It’s 2017 and the online revolution has long since trumpeted the call of victory. If you don’t have an online presence, your brand is either dead or dying.
To get someone to a website, organizations pile tons of cash into optimizing their SEO and try to stay relevant with current blogs, hashtags, and other buzzworthy events. Once they find your brand, though, the trick is to get them to come back and become fans. For this, brands have long looked to the trusty email subscription as a way to drop periodic mailings, and it’s no secret that a successful email marketing strategy drives revenue.
Now this is normally the kind of time when an email vendor will encourage you to send like crazy. More emails I say! Double your weekly newsletters immediately – nay triple them!
But I’m here to tell you the opposite, friends. I’m here to tell you that you can send less, and make more. Email is a numbers game, but you’re working the wrong numbers.
A Tale as Old as Time
The normal numbers game goes something like this: You start a newsletter and get 100,000 subscribers over time. You send out a weekly newsletter and get a 30% unique open percentage on average. That means that you get 30K opportunities to engage with your audience, reconnect them with your brand, and shoot for a conversion. Great! This helps with a modest boost to revenue, and your marketing team marvels at a job well done.
100k recipients * 1 send * 30% open rate = 30k opens with 100k emails
Then, someone gets an idea. What if we send again? You get your content team to dream up some new campaigns and begin to send them out to your list twice a week, every week to the same group of users.
What happens? For most senders, you will eventually start to see list burnout which means people start dropping off your list. You will see your complaint rate increase a bit, because some people can’t be bothered to click your unsubscribe link, or you made it too convoluted. You will also probably see your open rate start to drop, so your results look something like:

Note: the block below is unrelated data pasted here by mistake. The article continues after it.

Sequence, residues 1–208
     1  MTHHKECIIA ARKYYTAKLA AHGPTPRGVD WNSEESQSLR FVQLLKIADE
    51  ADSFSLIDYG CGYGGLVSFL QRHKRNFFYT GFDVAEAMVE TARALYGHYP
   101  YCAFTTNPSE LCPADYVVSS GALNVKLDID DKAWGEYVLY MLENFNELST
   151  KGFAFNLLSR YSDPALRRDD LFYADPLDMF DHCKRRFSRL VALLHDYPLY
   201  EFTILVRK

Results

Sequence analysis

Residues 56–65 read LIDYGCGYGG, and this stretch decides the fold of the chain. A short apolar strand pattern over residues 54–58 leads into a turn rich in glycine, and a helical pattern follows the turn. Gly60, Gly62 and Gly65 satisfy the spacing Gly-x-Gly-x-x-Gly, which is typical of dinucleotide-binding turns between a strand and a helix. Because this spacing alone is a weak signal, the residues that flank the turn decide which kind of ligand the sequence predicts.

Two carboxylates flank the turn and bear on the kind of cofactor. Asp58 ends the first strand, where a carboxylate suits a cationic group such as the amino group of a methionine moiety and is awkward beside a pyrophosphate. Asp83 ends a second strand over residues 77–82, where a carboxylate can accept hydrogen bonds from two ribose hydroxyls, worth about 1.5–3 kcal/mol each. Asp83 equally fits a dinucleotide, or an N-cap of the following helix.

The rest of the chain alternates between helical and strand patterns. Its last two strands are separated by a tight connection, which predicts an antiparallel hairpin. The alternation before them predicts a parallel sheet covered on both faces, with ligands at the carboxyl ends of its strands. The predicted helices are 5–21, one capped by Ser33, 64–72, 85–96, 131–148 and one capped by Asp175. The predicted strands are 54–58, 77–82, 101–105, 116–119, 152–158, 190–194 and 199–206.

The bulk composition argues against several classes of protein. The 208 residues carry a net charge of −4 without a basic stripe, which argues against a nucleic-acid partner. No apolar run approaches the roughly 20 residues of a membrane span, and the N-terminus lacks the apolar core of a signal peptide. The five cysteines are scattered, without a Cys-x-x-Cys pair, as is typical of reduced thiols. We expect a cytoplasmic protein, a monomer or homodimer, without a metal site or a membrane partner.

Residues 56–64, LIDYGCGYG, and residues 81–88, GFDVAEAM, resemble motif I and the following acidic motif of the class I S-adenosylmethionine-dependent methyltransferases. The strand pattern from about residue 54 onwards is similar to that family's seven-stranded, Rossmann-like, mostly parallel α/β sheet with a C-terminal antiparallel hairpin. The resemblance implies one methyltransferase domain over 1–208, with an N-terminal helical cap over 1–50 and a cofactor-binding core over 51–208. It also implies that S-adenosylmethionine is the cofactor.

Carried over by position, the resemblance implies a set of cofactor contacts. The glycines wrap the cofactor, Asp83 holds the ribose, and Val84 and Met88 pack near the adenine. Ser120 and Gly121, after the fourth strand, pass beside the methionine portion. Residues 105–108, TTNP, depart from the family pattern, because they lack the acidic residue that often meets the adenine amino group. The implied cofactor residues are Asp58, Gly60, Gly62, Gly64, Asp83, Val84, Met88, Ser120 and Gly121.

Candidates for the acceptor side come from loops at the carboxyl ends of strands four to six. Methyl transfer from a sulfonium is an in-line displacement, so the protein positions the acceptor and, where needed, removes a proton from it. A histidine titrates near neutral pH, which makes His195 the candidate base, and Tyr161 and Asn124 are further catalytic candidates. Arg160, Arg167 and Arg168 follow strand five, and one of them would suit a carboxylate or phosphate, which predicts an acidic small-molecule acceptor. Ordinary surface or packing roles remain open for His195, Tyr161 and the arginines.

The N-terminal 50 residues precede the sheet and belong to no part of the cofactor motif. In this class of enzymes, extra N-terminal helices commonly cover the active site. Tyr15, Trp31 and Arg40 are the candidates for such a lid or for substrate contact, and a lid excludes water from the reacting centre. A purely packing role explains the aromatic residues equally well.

100k recipients * 2 sends * 25% open rate = 50k opens with 200k emails
So you increased, but you didn’t fully double your opens to 60k like you were hoping for. You experienced a diminishing return. Meanwhile, you had to pay for those emails, so your cost either doubled or came close to it. Your ROI just took a hit. Still, you got some new revenue opportunities so it wasn’t a bad thing, right?
Remember those unsubscribes? Your list keeps shrinking with all those recipients dropping from your list, but naturally you will also have some new people signing up. Let’s assume that each month, 5k leave and 2k sign up, allowing for a 3k net monthly loss. You start seeing your list decrease month over month – 97k, 94k, 91k – and assuming all other values stay constant, so do your opens – 48.5k, 47k, 45.5k.
But email delivery is a numbers game. Want more output? Add more input!
This is usually when a brand gets pretty casual about what they consider a recipient “signing up”. Maybe you start adding in customers from previous purchases, without asking first. Or maybe start pre-checking the email opt-in box in your purchasing process. Both of these will increase your recipients, but they won’t increase your engaged recipients. It’s worth noting that some nations have even made this practice illegal to protect users from unwanted mail.
Let’s say you you are able to add 20k new recipients each month by introducing an auto-checked newsletter opt-in on your sign up or purchasing process. You start to see your list grow – 120k, 140k, 160k – but being unengaged recipients, your open rate starts to drop heavily and your spam complaints increase. And of course they would. If you received an uninvited newsletter, especially a frequent one, you didn’t explicitly ask for – you might complain too. At the minimum, you probably don’t rush to open it. The subscribers who wanted your message in the first place still happily receive it, while the majority of the new additions leave it alone or complain. The numbers look something like: